Antarctic sea ice losses are speeding up and have in fact surpassed estimates. Last week scientists (who are part of the Ice Sheet Mass Balance Intercomparison Exercise) announced that 3 trillion tonnes of ice was lost between 1992 – 2017. Annual ice loss has more than doubled in the Antarctic Peninsula and tripled in West Antarctica. And the losses are speeding up, with most of the losses occurring in the last five years.
This means that future predictions made by the IPCC may be too low. Previously, the range of predictions for the next 100 years predict no contribution at all, suggesting that ice loss from the continent’s glaciers will be offset by an increase in snowfall or they suggest losses equivalent to about 15 centimeters or so of sea-level rise. Previously, it was thought that Antarctica would stay in the range of the lower limit, the new research shows that it is tracking the upper limit.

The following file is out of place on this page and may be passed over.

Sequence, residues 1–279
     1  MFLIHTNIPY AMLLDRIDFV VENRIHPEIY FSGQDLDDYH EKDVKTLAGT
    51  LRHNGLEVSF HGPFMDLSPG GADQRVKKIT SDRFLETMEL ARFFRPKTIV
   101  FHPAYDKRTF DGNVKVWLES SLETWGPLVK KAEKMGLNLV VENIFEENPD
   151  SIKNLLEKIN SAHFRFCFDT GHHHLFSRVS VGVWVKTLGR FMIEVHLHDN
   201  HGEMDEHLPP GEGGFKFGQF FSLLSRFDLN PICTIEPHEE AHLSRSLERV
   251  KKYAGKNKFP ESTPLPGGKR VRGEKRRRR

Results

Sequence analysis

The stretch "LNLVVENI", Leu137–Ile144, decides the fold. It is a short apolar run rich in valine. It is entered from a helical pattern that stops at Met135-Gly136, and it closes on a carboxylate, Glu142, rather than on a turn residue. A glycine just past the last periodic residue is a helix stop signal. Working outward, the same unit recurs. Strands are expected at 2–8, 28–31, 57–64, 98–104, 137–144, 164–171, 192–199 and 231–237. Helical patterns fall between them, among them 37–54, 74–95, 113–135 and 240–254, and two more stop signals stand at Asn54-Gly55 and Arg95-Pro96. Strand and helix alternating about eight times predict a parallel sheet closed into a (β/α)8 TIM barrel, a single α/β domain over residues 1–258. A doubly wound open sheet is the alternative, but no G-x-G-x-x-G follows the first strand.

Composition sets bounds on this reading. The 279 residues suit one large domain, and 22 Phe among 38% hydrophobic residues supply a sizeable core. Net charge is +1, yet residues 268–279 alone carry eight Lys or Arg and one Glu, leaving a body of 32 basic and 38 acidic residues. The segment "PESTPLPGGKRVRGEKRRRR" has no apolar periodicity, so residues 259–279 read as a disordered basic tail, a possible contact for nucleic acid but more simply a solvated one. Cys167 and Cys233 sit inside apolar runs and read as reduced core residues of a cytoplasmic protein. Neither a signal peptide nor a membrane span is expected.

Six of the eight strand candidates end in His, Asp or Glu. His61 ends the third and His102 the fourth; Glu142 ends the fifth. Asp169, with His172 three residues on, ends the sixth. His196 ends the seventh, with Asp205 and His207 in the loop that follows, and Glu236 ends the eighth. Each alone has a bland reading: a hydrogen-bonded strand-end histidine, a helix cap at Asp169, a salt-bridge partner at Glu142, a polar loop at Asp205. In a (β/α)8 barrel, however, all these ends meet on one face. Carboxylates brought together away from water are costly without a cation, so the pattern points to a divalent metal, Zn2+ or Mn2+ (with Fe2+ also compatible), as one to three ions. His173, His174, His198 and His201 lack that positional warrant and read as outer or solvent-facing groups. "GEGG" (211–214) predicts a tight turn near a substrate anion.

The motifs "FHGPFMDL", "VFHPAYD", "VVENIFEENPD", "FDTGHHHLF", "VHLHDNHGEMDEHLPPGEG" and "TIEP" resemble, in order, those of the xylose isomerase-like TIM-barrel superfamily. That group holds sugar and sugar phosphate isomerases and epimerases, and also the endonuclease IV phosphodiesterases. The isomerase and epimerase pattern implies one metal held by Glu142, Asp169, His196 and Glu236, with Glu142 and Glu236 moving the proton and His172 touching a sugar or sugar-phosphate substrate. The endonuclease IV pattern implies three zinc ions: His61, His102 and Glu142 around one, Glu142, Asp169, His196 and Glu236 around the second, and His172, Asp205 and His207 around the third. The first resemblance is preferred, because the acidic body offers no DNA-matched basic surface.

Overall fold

“Around Brooklyn you get flooding once a year or so, but if you raise sea level by 15 centimeters then that’s going to happen 20 times a year,” said Andrew Shepherd, a professor of earth observation at the University of Leeds and the lead author of the study.
And to add to this, it is estimated that Greenland lost 1 trillion tonnes of ice between 2011 and 2014
Antarctica is not the only contributor to sea level rise. Greenland lost an estimated 1 trillion tons of ice between 2011 and 2014.
All of this is compounded by the fact that global warming is also warming ocean waters, making them expand and thus also raising sea levels further.